And it is the flashback sequences that make the film as strong as it is. We see Edgar as a determined young man who has a unique idea for forensic analysis and does research on other people’s crime scenes. We see his rise in the police department and how he gets promoted to assistant director thanks to his hard work. But most importantly, we see how clueless he is with females and never really had a real relationship in his life aside from his aging mother who he loved a lot. This emotional aspect of the film is hands-down the strongest element which not only leads to some very emotional and well-written scenes but also concludes with a hard-hitting and powerful scene that’s memorable to say the least. The second most important element is Edgar’s powerful relationship with Clyde Tolson and how Tolson is the only person he can ever trust and forms a strong relationship with him. There are homosexual undertones which could have been a risky affair, but they’re handled subtly and with a lot of class here by screenwriter Dustin Lance Black who previously also wrote ‘Milk’. There’s a pivotal blow-up scene between both of them that stands as one of the most memorable and powerful moments of the film. Another such moment is Edgar’s foolish proposal and the moments that follow. But even then, there are moments where the narrative just skips over and moves to years later and this forms a disconnect for the audience. This story would probably have been better told in a mini-series format and would be more effective that way since there’s clearly a lot to tell despite the overlong runtime of the film.
I’ve already mentioned why the present day segments of the film are weak and narratively awkward, but one of the main reasons those moments do not work is the awful make-up job the film has done. With millions of dollars in budgets, the film has such astoundingly bad make-up on almost all of its characters to make them look old that it completely takes you out of the movie and is extremely jarring at first. Leo gets probably the best of it yet it still looks freakishly amateur and not worthy of a film of this grandeur. In the end, it’s very clear that it’s Leo with some plastic make-up one and fails to convince one bit. But the most horrific one is the make-up on Arnie Hammer to make him look old. There’s a reason it was never revealed in the trailers – it’s extremely bad and almost makes the sequences look like comedy. And even Arnie Hammer is clearly uncomfortabe with it as he hams through those scenes and tries to overract to compensate which leads to some unintentionally hilarious moments. Which is a shame, because that one major scene of him in it was the only decent part of that storyline. I still cannot get my head around how this make-up got approved past the first day.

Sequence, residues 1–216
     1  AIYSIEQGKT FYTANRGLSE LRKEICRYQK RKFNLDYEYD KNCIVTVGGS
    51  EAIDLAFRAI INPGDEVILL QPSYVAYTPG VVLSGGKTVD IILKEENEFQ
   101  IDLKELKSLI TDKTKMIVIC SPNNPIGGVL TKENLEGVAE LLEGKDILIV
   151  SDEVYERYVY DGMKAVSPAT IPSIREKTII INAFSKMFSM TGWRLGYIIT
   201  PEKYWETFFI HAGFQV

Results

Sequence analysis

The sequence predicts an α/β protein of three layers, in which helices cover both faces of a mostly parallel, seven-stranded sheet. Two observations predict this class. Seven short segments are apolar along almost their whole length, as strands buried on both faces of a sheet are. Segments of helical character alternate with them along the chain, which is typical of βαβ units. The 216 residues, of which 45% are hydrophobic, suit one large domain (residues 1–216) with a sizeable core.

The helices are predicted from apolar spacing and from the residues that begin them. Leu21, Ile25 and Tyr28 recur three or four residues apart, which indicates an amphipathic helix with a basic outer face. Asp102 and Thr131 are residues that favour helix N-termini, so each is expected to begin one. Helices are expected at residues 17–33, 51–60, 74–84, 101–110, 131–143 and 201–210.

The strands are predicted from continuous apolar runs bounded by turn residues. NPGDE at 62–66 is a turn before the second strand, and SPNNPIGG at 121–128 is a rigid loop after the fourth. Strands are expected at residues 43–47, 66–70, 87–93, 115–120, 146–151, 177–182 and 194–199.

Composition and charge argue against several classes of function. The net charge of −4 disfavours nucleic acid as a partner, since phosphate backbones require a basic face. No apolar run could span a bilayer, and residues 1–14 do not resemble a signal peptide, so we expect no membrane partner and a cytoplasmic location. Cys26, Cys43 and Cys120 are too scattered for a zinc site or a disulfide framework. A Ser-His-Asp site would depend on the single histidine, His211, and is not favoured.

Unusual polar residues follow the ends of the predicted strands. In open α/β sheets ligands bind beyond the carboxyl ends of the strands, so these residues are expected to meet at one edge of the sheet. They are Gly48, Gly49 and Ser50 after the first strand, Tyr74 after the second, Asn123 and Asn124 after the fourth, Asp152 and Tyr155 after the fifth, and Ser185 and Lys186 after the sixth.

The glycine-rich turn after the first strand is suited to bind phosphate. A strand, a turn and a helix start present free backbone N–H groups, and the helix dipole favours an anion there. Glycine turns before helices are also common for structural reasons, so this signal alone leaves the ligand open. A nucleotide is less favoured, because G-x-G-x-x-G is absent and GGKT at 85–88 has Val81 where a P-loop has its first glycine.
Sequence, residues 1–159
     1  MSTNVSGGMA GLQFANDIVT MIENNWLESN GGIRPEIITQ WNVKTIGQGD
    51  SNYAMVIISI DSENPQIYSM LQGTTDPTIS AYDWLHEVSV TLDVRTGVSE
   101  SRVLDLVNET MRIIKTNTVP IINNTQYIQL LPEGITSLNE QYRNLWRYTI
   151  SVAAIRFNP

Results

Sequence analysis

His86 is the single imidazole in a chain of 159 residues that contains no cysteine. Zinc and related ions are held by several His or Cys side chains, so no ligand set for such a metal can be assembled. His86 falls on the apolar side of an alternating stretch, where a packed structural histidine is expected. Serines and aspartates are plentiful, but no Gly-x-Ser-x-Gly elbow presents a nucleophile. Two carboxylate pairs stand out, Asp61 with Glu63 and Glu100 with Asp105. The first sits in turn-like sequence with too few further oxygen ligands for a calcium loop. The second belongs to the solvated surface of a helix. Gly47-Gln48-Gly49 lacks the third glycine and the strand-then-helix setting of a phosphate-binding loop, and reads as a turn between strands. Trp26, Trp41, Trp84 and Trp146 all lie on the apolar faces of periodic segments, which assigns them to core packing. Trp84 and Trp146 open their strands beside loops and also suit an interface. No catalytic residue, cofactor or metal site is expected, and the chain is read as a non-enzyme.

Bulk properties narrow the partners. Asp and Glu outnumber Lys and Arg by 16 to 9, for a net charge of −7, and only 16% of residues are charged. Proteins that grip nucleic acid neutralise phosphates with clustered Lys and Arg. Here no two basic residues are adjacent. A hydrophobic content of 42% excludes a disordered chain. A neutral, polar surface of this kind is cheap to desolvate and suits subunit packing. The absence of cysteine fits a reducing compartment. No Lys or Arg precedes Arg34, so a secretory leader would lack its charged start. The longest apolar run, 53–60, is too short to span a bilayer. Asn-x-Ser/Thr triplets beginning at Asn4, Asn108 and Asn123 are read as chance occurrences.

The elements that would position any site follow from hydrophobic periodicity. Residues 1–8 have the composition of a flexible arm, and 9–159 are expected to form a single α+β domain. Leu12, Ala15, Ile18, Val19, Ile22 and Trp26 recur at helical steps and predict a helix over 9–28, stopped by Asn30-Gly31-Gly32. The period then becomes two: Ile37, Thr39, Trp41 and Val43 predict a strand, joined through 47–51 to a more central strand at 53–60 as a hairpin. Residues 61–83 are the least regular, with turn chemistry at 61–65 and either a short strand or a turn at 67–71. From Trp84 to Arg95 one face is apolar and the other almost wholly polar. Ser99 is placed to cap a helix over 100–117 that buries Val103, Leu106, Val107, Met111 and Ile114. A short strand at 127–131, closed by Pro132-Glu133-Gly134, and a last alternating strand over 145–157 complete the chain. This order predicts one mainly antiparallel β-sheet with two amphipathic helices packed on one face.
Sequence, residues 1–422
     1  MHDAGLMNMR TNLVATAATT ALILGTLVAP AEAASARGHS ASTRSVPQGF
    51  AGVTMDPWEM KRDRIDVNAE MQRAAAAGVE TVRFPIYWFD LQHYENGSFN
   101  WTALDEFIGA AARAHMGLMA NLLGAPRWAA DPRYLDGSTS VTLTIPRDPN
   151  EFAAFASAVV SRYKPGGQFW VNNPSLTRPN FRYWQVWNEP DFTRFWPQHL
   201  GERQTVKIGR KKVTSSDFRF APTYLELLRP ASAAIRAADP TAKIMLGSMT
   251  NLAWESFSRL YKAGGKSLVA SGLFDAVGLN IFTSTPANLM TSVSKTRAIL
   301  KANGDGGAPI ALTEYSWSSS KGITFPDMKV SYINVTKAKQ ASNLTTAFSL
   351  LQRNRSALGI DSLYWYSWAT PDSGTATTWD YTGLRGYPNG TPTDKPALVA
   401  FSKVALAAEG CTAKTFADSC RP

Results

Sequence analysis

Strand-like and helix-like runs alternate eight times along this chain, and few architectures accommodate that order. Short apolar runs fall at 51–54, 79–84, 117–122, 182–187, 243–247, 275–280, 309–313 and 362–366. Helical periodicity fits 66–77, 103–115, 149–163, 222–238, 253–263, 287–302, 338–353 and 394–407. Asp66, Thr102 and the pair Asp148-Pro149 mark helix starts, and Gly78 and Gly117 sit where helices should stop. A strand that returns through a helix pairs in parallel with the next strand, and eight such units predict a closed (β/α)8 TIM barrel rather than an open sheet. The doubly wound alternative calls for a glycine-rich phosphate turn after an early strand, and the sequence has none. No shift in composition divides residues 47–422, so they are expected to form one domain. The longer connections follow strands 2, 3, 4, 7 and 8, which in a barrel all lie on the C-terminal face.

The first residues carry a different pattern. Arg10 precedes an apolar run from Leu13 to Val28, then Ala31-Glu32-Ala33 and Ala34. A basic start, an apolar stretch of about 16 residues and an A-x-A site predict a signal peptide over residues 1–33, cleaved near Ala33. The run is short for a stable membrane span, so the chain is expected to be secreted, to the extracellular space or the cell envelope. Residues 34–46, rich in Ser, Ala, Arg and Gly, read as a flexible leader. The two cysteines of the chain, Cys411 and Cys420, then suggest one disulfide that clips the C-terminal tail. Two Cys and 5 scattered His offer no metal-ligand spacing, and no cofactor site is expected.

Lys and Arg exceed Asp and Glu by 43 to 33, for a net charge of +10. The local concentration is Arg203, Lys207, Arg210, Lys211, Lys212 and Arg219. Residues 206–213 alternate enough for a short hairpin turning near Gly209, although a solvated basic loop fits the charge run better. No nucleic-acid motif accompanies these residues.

Performances are where the movie really shines. Leonardo DiCaprio gives one of the best performances of his career with his excellent portrayal of the reclusive John Edgar Hoover. He’s extremely intense in scenes that require this from him and isn’t afraid of taking risks like he does with a scene at the end of the film. It’s a powerhouse performance that is bound to get him Oscar recongition, although the chances for that would have been stronger in quality. Arnie Hammer also proves that he’s just more than the Winklewoss twins from ‘Social Network’ and gives a suitably strong perfomance here that only escalates as it goes on. Naomi Watts is unfortunately given next to nothing to do after the first quarter of the film but does a good job with what she has. Judi Dench is commanding as the mother as well.
‘J. Edgar’ scores in terms of some very emotional relationship moments and strong performances, which almost compensate for the weak time-shifting narrative that never lets the audience latch on to the characters. It’s a good film that could have been a classic with a few changes.